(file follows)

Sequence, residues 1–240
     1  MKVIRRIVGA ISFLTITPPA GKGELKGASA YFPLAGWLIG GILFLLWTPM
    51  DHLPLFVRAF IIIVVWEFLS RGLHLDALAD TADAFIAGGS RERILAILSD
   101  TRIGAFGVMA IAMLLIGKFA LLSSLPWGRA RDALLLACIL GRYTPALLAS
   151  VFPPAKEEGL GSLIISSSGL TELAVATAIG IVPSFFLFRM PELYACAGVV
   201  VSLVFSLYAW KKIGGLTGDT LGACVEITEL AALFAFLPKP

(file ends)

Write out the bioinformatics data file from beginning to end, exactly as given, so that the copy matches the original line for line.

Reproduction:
Sequence, residues 1–240
     1  MKVIRRIVGA ISFLTITPPA GKGELKGASA YFPLAGWLIG GILFLLWTPM
    51  DHLPLFVRAF IIIVVWEFLS RGLHLDALAD TADAFIAGGS RERILAILSD
   101  TRIGAFGVMA IAMLLIGKFA LLSSLPWGRA RDALLLACIL GRYTPALLAS
   151  VFPPAKEEGL GSLIISSSGL TELAVATAIG IVPSFFLFRM PELYACAGVV
   201  VSLVFSLYAW KKIGGLTGDT LGACVEITEL AALFAFLPKP